The Public Accounts Committee is calling for the government's pension payment system to be overhauled and underpayments to be treated more seriously as part of a critical report.
The report 'Underpayments of the State Pension', published this morning (January 21), highlighted a number of areas where the government needs to make changes to ensure maladministration and underpayment issues do not continue.
The DWP estimates it has underpaid 134,000 pensioners, mostly women, more than £1bn of their state pension entitlement, with some of the errors dating as far back as 1985.
Pensioners affected are those who first claimed the state pension before April 2016 and who do not have a full National Insurance record or who should have inherited additional entitlement from their deceased partner.
Overall, the committee found the DWP had been relying on a system that was not fit for purpose and failed to mitigate against this, which was a failure in the government’s responsibilities.
It also branded the department’s complacency on the underpayment issue a failure and warned there was still a risk that similar, unidentified errors exist elsewhere in the state pension system.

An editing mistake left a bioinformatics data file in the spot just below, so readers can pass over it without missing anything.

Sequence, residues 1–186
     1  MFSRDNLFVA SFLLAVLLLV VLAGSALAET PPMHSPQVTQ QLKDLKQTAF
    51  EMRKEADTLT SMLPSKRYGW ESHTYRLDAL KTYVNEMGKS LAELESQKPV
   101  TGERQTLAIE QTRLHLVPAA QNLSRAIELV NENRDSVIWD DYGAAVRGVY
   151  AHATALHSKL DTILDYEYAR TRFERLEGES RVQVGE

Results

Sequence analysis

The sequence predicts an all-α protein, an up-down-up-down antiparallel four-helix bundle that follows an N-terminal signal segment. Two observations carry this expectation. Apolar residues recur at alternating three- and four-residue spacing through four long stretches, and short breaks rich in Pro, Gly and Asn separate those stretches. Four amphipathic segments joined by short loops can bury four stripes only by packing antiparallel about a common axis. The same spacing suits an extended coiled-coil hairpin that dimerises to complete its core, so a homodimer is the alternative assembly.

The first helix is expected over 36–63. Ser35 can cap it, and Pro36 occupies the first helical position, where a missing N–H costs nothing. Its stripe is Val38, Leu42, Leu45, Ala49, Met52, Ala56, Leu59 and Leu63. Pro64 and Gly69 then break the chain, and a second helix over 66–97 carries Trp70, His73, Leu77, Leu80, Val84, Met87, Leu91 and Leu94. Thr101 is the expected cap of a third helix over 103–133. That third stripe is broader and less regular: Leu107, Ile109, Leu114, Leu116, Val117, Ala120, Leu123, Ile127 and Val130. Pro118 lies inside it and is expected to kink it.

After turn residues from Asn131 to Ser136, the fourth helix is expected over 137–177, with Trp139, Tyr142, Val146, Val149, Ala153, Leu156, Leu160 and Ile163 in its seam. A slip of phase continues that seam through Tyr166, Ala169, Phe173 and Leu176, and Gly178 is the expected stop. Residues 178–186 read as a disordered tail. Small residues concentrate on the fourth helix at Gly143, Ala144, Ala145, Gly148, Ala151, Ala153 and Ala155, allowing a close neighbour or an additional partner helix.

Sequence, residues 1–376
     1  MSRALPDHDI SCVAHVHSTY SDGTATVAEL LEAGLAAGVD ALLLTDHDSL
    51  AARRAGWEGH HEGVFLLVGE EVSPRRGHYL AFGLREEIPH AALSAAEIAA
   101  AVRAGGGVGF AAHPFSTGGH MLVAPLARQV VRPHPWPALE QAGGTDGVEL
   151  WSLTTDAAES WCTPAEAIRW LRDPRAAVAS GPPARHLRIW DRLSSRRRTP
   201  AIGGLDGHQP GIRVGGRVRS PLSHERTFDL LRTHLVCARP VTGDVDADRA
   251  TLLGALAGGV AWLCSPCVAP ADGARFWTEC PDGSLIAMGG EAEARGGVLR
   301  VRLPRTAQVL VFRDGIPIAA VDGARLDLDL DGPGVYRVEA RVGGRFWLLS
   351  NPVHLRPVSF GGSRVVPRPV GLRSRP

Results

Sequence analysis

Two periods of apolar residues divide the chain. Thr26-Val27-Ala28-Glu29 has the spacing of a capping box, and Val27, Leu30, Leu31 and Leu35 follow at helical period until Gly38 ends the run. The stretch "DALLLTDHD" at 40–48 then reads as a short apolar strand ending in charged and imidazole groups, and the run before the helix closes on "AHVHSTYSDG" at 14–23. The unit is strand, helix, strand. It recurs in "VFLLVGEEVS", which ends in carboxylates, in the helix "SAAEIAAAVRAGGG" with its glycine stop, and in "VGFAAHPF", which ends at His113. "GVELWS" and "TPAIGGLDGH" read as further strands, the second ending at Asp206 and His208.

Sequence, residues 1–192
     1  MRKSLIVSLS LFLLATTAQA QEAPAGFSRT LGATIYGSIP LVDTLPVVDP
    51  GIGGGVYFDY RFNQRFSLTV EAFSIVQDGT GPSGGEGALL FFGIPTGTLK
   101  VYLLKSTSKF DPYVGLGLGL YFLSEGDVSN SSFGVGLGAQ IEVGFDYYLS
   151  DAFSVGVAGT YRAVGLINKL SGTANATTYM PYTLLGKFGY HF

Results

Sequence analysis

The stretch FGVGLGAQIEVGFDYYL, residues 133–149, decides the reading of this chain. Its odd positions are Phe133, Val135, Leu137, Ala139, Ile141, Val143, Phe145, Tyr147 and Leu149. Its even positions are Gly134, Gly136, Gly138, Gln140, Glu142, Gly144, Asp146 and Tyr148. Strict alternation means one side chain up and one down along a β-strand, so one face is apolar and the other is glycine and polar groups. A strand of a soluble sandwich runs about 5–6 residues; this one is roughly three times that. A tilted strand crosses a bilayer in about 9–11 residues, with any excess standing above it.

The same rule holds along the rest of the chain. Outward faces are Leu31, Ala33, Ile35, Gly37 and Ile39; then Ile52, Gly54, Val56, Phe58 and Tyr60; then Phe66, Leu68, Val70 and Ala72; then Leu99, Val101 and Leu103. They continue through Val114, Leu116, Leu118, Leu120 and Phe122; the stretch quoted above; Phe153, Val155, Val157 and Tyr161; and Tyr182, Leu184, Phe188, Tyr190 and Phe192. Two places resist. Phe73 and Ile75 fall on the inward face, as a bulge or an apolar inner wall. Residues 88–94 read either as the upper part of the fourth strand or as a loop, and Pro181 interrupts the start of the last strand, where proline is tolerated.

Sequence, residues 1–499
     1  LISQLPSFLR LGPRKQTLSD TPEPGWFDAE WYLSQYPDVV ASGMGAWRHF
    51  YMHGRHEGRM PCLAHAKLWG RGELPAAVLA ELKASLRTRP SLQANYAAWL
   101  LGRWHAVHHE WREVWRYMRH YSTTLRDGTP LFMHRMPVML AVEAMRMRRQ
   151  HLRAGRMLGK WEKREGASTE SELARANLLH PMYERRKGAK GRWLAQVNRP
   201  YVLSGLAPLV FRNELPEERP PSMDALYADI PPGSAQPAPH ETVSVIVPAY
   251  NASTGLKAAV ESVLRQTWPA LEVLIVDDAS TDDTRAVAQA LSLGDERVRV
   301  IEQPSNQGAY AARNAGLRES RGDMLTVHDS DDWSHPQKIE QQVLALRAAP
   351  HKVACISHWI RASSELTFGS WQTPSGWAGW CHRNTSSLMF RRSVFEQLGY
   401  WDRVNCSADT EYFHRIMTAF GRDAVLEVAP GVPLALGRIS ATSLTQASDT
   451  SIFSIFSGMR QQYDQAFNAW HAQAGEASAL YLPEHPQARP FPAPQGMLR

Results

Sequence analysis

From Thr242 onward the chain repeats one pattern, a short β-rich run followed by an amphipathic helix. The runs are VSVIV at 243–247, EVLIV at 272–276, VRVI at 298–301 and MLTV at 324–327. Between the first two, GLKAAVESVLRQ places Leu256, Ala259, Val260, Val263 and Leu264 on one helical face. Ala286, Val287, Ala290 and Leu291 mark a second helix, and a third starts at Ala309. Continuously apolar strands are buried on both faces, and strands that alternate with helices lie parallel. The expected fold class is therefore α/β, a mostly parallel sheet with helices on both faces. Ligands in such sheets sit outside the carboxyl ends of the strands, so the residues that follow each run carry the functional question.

Meg Hillier, chairwoman of the Public Accounts Committee, said: “DWP is now on its ninth go at fixing these mistakes since 2018, the specialised staff diverted to fix this mess costing tens of millions more to the taxpayer and predictable consequences in delays to new pension claims.
"And there is no assurance that the errors that led to these underpayments in the first place will not be repeated in the correction exercise.
“This is a shameful shambles. The PAC expects DWP to set out the step changes it will make to ensure it is among their last.”
In its report it looked at the outdated systems, cost to the taxpayer, clarity of communications and the potential for further errors.
Here is what it found:
The system which controls the payment of the state pension is outdated and heavily manual, therefore opens itself up to human error, the PAC said.
This is not dissimilar to what the National Audit Office found in its report into the state pension issues back in September 2021.
The PAC found despite the complexity of state pension entitlements and the increased risk posed by manual processes, the DWP’s checks failed to identify the systematic underpayment of thousands of pensioners.
It stated: “The department repeatedly missed opportunities to upgrade and instead added new functionality by introducing additional systems on top of the first, some of which are also increasingly out-of-date, increasing the complexity of its administration.”
Therefore it has suggested, as a matter of urgency, that DWP should find a cost-effective way to upgrade its IT systems and better its administration processes so that repeated errors do not occur.
Cost to the taxpayer
Correcting these issues comes at a cost to the taxpayer as it requires specialist staff and training.